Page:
The Europa Cinema’s, the international network of the cinemas for the circulation of European films, exists as a distribution channel through the IFI and the Arts Centres throughout the country. So we may not be only talking about a distribution issue. Perhaps the media have a part in this lack of interest in subtitled films being available. Educating the audience is giving them the chance to see and appreciate different productions; this may be the key to a wider access to European and world cinema.

sábado, 15 de noviembre de 2014

The Blessing of the Irish Star


Irish cinema deserves a chance. But often we see extremely positive reviews promising the moon. What happens next is: viewers come out of the movie either slightly or greatly disappointed. Let’s just settle this upfront: a four to five star movie is technically acceptable, has decent acting and a well-plotted story. This is the bare minimum. If any of those elements fails, the others have to be outstanding for a film to remain in the ‘very good’ category.

Just a few weeks ago, Niall Heery´s Gold received four stars in The Irish Times. Heery’s second production (after Small Engine Repair, 2006) is fine; but the script is not accomplished enough to be worthy of a very good review. The funny fact is that even that positive review points out “there’s not a great deal of plot to the piece”. The reviewer had a job to do, and this wasn't to be too kind.

Going back a few years, let’s take The Runway, (Ian Power, 2011). Film Ireland paired it with The Guard (John Michael McDonagh, 2011): “between this and The Guard, it looks like 2011 will be a great year for Irish cinema”. The Runway didn’t accomplish any of The Guard’s success in the box office. Even in this review, there are remarks about certain flaws in the script. The Runway was a breath of fresh air but again a solid three stars movie, nothing more. It's understandable a small industry invites self-censoring on the part of critics, but this shouldn't translate into back patting.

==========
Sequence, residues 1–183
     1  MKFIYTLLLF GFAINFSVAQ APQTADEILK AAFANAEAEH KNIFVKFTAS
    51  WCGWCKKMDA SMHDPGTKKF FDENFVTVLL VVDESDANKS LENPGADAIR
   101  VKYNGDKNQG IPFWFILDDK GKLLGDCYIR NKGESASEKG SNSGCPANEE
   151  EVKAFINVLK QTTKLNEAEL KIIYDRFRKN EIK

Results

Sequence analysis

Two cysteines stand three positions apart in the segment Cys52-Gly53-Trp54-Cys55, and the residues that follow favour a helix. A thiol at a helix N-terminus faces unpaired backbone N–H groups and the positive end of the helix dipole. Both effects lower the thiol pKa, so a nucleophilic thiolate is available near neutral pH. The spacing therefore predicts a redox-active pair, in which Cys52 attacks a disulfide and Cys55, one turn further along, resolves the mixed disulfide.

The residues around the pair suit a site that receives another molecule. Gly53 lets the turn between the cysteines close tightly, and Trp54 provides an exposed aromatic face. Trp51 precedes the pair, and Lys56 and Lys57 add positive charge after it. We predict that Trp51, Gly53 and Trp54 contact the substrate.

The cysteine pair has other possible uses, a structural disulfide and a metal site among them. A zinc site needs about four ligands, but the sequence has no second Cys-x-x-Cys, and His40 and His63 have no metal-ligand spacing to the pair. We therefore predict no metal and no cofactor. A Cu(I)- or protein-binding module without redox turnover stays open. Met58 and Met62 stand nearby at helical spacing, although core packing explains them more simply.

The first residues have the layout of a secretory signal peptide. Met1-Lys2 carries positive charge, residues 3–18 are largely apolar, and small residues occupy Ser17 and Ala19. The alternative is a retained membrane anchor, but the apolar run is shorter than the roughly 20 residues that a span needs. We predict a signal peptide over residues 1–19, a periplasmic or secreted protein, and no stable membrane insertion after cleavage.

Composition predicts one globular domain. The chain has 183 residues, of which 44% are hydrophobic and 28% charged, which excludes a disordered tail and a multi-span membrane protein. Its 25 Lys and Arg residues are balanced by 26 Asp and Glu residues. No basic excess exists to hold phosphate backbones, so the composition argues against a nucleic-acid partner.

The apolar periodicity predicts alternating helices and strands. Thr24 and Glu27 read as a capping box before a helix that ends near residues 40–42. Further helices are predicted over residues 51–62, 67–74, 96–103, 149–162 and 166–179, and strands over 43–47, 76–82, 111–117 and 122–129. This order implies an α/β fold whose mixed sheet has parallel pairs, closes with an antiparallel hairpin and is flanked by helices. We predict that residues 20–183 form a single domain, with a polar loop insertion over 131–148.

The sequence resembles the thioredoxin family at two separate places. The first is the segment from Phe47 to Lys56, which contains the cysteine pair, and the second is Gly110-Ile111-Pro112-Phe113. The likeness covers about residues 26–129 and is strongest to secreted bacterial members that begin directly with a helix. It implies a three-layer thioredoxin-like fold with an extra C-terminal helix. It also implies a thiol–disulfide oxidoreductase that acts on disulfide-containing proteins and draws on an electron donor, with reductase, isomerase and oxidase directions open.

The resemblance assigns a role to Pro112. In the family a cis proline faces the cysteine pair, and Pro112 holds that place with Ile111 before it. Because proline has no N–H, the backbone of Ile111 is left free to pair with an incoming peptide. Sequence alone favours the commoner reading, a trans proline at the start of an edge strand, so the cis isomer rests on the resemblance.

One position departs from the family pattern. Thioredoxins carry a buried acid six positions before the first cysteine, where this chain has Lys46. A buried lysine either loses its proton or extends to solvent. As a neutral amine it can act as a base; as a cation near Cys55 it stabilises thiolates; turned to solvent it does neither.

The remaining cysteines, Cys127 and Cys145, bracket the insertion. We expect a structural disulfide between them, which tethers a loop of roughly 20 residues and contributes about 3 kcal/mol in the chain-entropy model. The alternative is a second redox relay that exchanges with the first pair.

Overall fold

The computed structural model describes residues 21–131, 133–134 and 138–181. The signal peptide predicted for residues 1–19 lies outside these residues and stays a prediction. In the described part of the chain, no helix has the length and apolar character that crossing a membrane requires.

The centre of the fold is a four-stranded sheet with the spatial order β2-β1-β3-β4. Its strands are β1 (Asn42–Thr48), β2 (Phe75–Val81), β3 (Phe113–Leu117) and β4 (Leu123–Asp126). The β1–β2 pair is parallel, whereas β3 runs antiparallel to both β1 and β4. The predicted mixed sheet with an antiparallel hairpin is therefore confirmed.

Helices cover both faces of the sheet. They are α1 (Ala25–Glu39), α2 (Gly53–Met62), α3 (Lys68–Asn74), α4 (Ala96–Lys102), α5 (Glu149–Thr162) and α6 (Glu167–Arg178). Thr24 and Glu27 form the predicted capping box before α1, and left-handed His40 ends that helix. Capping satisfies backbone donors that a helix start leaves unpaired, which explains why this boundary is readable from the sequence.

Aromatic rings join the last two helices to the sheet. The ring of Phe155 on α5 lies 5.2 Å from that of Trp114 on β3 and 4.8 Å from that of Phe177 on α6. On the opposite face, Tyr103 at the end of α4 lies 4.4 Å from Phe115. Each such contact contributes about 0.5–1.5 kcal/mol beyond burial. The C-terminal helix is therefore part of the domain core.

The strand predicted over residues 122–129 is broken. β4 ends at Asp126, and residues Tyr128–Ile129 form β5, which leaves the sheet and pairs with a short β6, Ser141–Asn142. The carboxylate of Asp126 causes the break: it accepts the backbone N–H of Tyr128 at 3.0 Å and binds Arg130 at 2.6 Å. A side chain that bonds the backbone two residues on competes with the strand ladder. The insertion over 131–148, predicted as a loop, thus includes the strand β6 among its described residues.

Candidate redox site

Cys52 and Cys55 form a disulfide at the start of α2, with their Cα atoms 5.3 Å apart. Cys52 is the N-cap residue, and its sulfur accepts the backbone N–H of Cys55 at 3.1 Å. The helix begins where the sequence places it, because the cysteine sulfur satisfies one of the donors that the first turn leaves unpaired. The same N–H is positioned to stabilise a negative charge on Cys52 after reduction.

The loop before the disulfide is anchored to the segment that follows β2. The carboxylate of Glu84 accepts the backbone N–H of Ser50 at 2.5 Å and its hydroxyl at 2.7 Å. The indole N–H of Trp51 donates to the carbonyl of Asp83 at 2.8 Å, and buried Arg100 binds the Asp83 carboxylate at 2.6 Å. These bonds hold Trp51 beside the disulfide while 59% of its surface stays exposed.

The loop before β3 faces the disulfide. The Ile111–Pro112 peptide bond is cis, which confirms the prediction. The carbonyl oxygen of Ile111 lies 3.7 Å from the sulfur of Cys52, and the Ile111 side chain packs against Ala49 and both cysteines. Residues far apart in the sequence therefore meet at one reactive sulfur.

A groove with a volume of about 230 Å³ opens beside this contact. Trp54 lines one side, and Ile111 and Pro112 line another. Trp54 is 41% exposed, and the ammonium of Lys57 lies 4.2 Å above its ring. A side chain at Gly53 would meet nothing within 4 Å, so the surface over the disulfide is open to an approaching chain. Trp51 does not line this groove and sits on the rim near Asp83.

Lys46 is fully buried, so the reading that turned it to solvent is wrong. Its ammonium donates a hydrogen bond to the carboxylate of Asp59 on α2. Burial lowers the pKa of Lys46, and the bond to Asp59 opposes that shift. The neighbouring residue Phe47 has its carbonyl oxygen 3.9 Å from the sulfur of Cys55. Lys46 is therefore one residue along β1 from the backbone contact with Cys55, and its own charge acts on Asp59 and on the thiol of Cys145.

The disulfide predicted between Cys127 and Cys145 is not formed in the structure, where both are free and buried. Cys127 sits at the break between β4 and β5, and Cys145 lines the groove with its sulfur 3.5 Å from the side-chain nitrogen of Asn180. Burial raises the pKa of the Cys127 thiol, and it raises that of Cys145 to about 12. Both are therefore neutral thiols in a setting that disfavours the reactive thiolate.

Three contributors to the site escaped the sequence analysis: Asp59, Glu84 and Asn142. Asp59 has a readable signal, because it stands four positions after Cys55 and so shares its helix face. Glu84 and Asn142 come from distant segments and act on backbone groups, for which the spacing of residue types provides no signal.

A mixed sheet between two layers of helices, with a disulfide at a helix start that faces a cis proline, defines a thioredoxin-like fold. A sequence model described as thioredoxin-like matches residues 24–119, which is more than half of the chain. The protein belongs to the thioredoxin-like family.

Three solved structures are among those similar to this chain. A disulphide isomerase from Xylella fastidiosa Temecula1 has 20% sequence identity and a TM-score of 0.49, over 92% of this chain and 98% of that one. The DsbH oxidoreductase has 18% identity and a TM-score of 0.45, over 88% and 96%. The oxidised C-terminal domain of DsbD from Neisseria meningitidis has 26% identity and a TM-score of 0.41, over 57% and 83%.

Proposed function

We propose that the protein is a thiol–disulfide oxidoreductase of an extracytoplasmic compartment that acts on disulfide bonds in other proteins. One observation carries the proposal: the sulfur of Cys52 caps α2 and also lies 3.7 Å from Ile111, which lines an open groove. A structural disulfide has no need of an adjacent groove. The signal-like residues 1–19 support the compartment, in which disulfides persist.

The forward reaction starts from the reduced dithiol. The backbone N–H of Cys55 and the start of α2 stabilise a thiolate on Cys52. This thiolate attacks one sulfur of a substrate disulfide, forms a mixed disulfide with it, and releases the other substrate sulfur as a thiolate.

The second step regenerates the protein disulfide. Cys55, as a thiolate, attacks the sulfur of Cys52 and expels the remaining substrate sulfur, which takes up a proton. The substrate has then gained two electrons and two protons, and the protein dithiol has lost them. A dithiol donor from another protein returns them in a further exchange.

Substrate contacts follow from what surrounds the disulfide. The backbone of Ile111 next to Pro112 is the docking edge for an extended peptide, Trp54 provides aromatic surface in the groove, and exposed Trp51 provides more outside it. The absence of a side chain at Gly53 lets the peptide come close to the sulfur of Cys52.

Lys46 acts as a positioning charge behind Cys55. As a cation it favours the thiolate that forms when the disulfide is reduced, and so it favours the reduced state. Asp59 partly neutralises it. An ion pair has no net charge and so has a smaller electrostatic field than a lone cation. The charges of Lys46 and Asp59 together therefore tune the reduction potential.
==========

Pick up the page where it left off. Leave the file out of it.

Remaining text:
It’s been seven years since John Carney’s Once hit Irish cinemas. Carney’s first feature film was considered “an unexpected treasure” by RTÉ within weeks of its release. The Irish Times also gave it a four star rating calling it "irresistibly appealing". Is Once an enjoyable and original approach to the musical genre? Yes, definitely. But Carney’s musical featured two lead actors outside their comfort zone while not playing music, which is not completely ignored in RTÉ’s review: “Once has wonderfully natural performances from the two leads. Although musicians first and actors second”. Once presents some continuity and technical goofs, one of the obvious ones is the drummer looking into the camera in the studio scene. Carney’s film gained the 'very good' classification with an okay story, acceptable acting and being technically sufficient, which shouldn’t have elevated it to the altars of the four and five stars.

We have mentioned three enjoyable movies, and certainly small victories within an industry that doesn’t produce twenty feature films every year as per the information available Irish Film Board website. Picking out names of media giving away an extra star, ‘the Irish star’ may not be seen as constructive criticism. But, it needs to be said, a non-reliable review makes the audience jaded about local cinema and it doesn’t allow for honest feedback to reach the creators.